The SLC2A9 gene provides instructions for making a protein called glucose transporter 9 (GLUT9). This protein is found mainly in the kidneys, specifically in structures called proximal tubules. These structures help to reabsorb needed nutrients, water, and other materials into the blood and excrete unneeded substances into the urine. Within the proximal tubules, the GLUT9 protein helps reabsorb or excrete a substance called urate. Urate is a byproduct of certain normal biochemical reactions in the body. In the bloodstream it acts as an antioxidant, protecting cells from the damaging effects of unstable molecules called free radicals. When more urate is needed in the body, the GLUT9 protein helps reabsorb it into the bloodstream. Most urate that is filtered through the kidneys is reabsorbed into the bloodstream; about 10 percent is released into urine.
The GLUT9 protein also plays a role in reabsorbing and excreting the simple sugar glucose.
Health Conditions Related to Genetic Changes
At least 17 mutations in the SLC2A9 gene have been found to cause renal hypouricemia. This condition results in a reduced amount of urate in the blood. Renal hypouricemia often does not cause any health problems but can lead to kidney stones, blood in the urine (hematuria), or pain and nausea after exercise. Most of the mutations that cause renal hypouricemia replace single protein building blocks (amino acids) in the GLUT9 protein and severely reduce or eliminate the protein's ability to reabsorb urate into the bloodstream. As a result, an excessive amount of urate is lost through the urine. While it is not clear how these changes in urate levels lead to the signs and symptoms of renal hypouricemia, it is likely that the loss of urate's antioxidant properties in combination with the increase in urate passing through the kidneys to be released in the urine contribute to the characteristic features of this condition.More About This Health Condition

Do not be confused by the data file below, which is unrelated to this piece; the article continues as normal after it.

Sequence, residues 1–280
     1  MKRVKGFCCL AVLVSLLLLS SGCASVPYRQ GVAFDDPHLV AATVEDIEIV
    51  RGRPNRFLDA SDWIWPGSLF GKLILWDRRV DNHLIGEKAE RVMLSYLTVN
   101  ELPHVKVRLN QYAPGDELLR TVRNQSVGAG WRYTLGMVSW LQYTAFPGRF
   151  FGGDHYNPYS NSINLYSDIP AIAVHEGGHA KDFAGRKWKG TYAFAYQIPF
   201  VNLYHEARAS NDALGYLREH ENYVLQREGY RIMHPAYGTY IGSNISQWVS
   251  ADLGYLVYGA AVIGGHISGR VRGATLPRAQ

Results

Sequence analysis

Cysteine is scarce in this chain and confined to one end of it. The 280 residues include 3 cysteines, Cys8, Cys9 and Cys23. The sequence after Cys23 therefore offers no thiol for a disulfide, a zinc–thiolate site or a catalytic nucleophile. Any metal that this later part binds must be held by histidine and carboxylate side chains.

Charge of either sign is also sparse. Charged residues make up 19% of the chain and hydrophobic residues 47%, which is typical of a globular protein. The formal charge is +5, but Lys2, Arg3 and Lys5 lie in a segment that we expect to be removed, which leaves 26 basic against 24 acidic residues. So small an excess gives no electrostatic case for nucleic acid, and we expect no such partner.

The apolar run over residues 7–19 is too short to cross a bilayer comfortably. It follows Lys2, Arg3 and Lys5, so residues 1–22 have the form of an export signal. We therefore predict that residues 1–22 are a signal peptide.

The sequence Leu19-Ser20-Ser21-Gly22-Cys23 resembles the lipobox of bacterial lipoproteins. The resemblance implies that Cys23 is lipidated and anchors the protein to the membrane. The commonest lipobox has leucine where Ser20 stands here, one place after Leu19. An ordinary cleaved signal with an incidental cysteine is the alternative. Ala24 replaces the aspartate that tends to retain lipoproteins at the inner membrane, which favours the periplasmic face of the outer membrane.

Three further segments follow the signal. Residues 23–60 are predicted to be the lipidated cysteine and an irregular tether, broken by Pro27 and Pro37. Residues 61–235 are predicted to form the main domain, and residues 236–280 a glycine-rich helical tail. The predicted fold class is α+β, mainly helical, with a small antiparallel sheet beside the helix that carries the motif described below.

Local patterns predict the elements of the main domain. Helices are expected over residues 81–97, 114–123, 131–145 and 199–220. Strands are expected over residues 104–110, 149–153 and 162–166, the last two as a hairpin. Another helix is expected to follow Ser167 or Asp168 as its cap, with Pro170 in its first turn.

Genetic changes in the SLC2A9 gene are associated with a condition called gout, which is a form of arthritis. Gout develops when elevated urate levels in the blood (hyperuricemia) lead to the formation of urate crystals in joints, triggering an inflammatory response from the immune system.
SLC2A9 gene changes associated with gout likely increase the production of a form of the GLUT9 protein that is 28 amino acids shorter than the full-length version. This shorter version of GLUT9 reabsorbs urate into the bloodstream more readily than the full length version. An increase in the short GLUT9 protein raises the levels of urate in the blood and reduces its release into the urine. As a result, urate can accumulate in the body's joints in the form of crystals, leading to painful arthritis.
While changes in the SLC2A9 gene can alter urate levels in the body, they are likely not enough to cause gout by themselves. A combination of dietary, genetic, and other environmental factors play a part in determining the risk of developing this complex disorder.More About This Health Condition
Other Names for This Gene
- glucose transporter type 9
- human glucose transporter-like protein-9
- solute carrier family 2 (facilitated glucose transporter), member 9
- solute carrier family 2, facilitated glucose transporter member 9
- urate voltage-driven efflux transporter 1
Additional Information & Resources
Tests Listed in the Genetic Testing Registry
Scientific Articles on PubMed
Catalog of Genes and Diseases from OMIM
- Kaito H, Ishimori S, Nozu K, Shima Y, Nakanishi K, Yoshikawa N, Iijima K. Molecular background of urate transporter genes in patients with exercise-induced acute kidney injury. Am J Nephrol. 2013;38(4):316-20. doi: 10.1159/000355430. Epub 2013 Oct 4. Citation on PubMed